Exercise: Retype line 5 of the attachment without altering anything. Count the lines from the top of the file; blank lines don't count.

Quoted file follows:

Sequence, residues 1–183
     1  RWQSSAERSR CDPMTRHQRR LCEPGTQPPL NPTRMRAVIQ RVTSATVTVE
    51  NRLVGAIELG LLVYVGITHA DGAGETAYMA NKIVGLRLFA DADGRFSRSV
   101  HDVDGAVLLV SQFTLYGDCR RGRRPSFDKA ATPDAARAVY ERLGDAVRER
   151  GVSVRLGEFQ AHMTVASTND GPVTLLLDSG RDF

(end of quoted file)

   151  GVSVRLGEFQ AHMTVASTND GPVTLLLDSG RDF